Emerging Issues Task Force (EITF)

The Emerging Issues Task Force (EITF), formed by FASB in 1984 to assist in identifying current or emerging issues and implementation problems before divergent practices become entrenched, has most often restricted its attention to narrow issues. Task Force members have been drawn primarily from public accounting firms but also included individuals who would be aware of issues and practices that should be considered by the group. Nonvoting representatives of the SEC and the FASB attend EITF for discussion purposes.
In terms of operations, an issues paper is prepared for each EITF agenda item; after discussion, if a consensus is reached, the consensus is referred to the FASB for ratification. Absent a consensus, the matter may end up on FASB’s agenda or be resolved by the SEC, or may simply remain unresolved, with no standard-setting body currently considering it.
FASB has historically published a volume of EITF Abstracts, which are summaries of each Issue Paper and the results of Task Force discussion. Under the Accounting Standards Codification process, there will be no freestanding EITF consensuses (nor FASB Statements, etc.) but rather only amendments to or replacements of specific provisions in the Codification, issued as Accounting Standards Updates (ASU).
Effective status of consensuses. Although EITF pronouncements were technically category C GAAP, they were so specialized that generally there had been no salient category A or B GAAP on the respective topics, making the consensuses the highest-ranking guidance. The SEC was of the view that Task Force consensuses constituted GAAP for public companies, and it would question any accounting that differed from them. The SEC believed that the EITF supplied a public forum to discuss accounting concerns and assist in providing advice, and it had always been supportive of the Task Force’s work.
Discussion topics. The EITF also previously published Discussion Issues, which were FASB and SEC staff announcements regarding technical matters that were deemed important but that did not relate specifically to a numbered EITF issue. These announcements were designed to help provide guidance on the application of relevant accounting pronouncements. These were increasingly infrequent over recent years, and it is anticipated that further discussion issues will not be produced.

Other Sources

Not all GAAP resulted from a deliberative process and the issuance of pronouncements by authoritative bodies. Historically, certain principles and practices evolved into acceptability without formal adoption of standards. Examples include straight-line and declining balance depreciation methods and last-in, first-out (LIFO) and first-in, first-out (FIFO) inventory costing methods. There are also many disclosure principles that evolved into general accounting practice after first being required by the SEC in submissions made to it—for example, reconciliations of the effective and statutory tax rates. Even much of the content of statements of financial position and income statements has evolved over the years in the absence of adopted standards. These other sources of GAAP remain relevant and will be found in the second (i.e., nonauthoritative) level of the new hierarchy.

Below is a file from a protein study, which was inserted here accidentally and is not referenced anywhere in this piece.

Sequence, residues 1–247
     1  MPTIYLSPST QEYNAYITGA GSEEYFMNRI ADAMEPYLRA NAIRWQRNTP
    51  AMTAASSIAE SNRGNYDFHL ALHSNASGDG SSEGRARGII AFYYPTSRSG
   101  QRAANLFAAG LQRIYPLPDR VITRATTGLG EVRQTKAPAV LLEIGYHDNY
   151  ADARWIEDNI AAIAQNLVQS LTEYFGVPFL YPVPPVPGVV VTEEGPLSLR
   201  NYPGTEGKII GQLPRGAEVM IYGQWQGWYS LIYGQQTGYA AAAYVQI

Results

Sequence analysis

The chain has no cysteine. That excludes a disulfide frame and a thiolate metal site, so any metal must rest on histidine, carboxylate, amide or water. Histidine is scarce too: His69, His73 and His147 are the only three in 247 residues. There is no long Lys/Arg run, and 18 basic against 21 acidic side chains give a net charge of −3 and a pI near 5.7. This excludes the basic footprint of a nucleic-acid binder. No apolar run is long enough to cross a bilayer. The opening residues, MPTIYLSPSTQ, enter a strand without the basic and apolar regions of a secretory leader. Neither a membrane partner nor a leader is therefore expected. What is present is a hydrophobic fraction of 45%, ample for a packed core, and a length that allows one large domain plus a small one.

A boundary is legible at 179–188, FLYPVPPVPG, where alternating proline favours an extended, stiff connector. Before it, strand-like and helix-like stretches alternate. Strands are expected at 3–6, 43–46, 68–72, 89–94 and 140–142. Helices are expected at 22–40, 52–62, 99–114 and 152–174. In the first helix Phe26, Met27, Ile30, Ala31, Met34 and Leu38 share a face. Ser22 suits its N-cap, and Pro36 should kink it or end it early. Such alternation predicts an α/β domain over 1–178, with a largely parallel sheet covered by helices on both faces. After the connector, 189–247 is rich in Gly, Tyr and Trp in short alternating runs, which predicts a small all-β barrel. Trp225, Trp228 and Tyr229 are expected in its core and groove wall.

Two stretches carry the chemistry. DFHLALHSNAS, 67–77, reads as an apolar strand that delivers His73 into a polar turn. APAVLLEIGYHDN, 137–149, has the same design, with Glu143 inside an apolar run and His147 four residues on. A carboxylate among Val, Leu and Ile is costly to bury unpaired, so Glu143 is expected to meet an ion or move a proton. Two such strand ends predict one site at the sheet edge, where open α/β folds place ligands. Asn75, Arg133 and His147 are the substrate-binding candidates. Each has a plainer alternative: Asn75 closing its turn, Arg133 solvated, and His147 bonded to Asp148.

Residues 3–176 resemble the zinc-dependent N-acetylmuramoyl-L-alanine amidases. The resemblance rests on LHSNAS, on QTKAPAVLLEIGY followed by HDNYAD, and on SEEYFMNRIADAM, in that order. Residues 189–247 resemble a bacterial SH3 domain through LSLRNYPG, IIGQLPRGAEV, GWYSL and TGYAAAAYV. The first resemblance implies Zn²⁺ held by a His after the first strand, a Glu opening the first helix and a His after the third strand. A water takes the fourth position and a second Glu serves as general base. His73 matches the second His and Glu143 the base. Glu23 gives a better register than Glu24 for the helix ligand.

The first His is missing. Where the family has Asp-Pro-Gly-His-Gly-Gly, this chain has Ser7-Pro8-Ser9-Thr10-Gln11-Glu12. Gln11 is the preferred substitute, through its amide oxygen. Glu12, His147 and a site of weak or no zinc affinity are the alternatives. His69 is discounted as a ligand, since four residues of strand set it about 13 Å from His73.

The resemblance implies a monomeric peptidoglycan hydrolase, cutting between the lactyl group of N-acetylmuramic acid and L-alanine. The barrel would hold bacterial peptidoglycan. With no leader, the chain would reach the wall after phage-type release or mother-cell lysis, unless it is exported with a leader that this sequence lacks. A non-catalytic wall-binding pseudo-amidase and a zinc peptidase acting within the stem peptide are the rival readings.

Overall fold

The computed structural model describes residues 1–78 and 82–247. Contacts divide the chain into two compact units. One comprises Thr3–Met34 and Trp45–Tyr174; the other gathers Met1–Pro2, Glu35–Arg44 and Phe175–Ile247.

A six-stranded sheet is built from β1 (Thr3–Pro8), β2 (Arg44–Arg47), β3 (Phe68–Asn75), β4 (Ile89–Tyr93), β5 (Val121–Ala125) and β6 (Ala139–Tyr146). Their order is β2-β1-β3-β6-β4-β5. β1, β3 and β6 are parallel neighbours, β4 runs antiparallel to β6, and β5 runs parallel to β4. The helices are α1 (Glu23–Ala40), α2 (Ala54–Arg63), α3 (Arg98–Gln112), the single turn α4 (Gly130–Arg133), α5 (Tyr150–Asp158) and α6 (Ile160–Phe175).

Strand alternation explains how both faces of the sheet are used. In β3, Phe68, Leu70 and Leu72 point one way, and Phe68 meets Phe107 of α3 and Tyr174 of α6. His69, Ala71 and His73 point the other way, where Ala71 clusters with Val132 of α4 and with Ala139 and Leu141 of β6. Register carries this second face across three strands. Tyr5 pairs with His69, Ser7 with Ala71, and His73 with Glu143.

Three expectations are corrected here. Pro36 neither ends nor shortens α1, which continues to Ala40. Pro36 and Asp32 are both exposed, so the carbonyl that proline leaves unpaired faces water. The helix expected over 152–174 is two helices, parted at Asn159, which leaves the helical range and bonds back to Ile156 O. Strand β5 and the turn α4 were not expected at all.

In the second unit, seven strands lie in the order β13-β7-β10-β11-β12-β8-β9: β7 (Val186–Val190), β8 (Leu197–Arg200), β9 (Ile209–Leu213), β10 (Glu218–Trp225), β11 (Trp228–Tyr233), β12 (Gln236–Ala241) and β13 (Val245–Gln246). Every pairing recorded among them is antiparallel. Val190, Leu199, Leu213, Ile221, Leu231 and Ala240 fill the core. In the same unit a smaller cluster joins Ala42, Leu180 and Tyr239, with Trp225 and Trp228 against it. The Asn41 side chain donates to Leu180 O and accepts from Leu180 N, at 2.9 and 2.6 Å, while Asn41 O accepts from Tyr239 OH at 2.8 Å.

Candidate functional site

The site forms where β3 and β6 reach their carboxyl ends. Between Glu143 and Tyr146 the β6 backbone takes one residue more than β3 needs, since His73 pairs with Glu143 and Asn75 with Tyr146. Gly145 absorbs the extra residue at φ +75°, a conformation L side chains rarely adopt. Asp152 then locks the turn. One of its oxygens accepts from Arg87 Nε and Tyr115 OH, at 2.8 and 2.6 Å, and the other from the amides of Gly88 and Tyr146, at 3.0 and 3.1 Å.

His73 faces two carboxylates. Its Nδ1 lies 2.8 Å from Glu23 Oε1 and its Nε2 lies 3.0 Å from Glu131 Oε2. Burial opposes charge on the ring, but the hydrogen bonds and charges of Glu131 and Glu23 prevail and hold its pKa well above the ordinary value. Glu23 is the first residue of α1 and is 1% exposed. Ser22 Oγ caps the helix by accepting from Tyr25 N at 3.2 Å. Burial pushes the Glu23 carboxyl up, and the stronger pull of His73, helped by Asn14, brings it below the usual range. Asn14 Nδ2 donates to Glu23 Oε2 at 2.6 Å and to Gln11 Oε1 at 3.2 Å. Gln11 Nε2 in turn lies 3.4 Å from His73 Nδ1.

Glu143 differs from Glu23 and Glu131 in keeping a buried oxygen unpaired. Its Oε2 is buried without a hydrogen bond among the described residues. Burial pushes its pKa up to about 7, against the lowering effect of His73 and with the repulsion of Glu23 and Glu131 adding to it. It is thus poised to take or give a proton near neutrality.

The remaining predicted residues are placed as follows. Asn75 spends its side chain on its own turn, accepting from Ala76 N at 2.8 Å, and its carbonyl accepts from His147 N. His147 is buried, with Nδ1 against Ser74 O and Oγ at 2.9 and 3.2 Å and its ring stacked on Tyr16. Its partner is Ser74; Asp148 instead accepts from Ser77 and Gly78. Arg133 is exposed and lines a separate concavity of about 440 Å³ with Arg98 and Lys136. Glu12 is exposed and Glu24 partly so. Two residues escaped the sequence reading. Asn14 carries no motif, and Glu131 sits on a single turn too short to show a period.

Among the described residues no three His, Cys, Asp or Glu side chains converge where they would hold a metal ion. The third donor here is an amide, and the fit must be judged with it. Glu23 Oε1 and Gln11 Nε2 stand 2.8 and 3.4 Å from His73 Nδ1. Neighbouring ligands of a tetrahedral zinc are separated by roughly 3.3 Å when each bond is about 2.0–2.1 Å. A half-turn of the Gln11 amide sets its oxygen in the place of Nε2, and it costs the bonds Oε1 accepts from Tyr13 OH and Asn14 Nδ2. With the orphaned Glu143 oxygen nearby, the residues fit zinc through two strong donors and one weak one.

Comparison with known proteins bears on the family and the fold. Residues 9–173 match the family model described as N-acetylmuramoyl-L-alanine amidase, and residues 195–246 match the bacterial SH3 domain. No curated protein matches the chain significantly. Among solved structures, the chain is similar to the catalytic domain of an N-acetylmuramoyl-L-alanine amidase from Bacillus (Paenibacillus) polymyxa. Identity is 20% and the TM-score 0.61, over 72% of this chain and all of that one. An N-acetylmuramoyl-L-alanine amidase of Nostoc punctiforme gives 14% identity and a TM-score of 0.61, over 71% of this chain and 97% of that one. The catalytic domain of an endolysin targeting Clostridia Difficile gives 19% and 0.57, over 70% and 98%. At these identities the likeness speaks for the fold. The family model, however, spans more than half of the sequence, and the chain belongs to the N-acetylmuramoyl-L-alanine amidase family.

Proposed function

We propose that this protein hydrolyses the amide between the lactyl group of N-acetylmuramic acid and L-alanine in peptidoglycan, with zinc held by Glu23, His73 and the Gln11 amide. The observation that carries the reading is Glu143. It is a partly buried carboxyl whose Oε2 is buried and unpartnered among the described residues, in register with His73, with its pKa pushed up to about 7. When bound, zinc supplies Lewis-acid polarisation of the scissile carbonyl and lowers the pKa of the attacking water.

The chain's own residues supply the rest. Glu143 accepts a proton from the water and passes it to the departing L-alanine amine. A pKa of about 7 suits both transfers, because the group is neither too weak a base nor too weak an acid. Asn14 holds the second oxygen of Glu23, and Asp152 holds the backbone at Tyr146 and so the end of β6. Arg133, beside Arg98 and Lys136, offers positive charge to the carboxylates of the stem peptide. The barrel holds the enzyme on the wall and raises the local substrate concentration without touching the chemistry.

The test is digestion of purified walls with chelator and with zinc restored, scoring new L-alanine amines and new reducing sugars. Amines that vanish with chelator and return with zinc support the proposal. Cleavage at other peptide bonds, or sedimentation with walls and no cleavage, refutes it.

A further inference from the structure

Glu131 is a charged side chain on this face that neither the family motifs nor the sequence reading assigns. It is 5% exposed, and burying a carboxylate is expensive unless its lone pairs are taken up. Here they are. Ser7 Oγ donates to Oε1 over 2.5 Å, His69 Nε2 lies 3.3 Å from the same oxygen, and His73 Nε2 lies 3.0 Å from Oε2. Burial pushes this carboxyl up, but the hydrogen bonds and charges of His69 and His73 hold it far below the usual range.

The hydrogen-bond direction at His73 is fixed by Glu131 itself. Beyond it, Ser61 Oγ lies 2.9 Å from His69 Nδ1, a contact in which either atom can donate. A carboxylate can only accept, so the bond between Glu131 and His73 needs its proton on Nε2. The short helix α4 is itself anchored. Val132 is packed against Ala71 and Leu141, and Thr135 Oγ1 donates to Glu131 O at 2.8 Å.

Following a costly five-year effort, FASB in 2008 largely completed its project to codify GAAP. After a one-year test period, FASB determined that the codification would become effective July 1, 2009, superseding all existing GAAP literature.
The accounting standards Codification eliminated the multilevel hierarchy that previously existed in favor of a simple bifurcation between authoritative and nonauthoritative guidance. The Codification does not change GAAP, per se, but instead introduces a new, more readily accessible, user-friendly online research system. It reorganizes the multitude of GAAP pronouncements into about 90 accounting topics and displays all topics using a consistent structure. The Codification also includes relevant SEC guidance, which follows the same topical structure used in the Codification. This structure permits real-time updating as new standards are released and offers many other advantages, although users first will have to incur the substantial fixed cost of learning the new system.


For many decades, GAAP has been created by the promulgation of standards and interpretations by the bodies granted statutory and professional authority to make such rules. Prior to the ASC, the FASB and AICPA both long adhered to rigorous “due process” when creating new guidance in category A and category B GAAP. The goal was to involve constituents who would be affected by the newly issued guidance, so that any new standards would result in information that would more meaningfully report economic activity without attempting to influence behavior in any particular direction. The FASB’s due process procedures are described next. (The AICPA followed similar procedures but in the future it will have a reduced role.) Due process will remain as a guiding principle in the overall development of GAAP under the ASC structure.
Due Process prior to ASC. The FASB received requests for new standards from its diverse constituency, which includes reporting entities, auditors, industry groups, users, the EITF, and the SEC. Requests for action may have included suggestions for new topics as well as for reconsideration of existing pronouncements. For each major project added to its technical agenda, the FASB appointed an advisory task force of ap...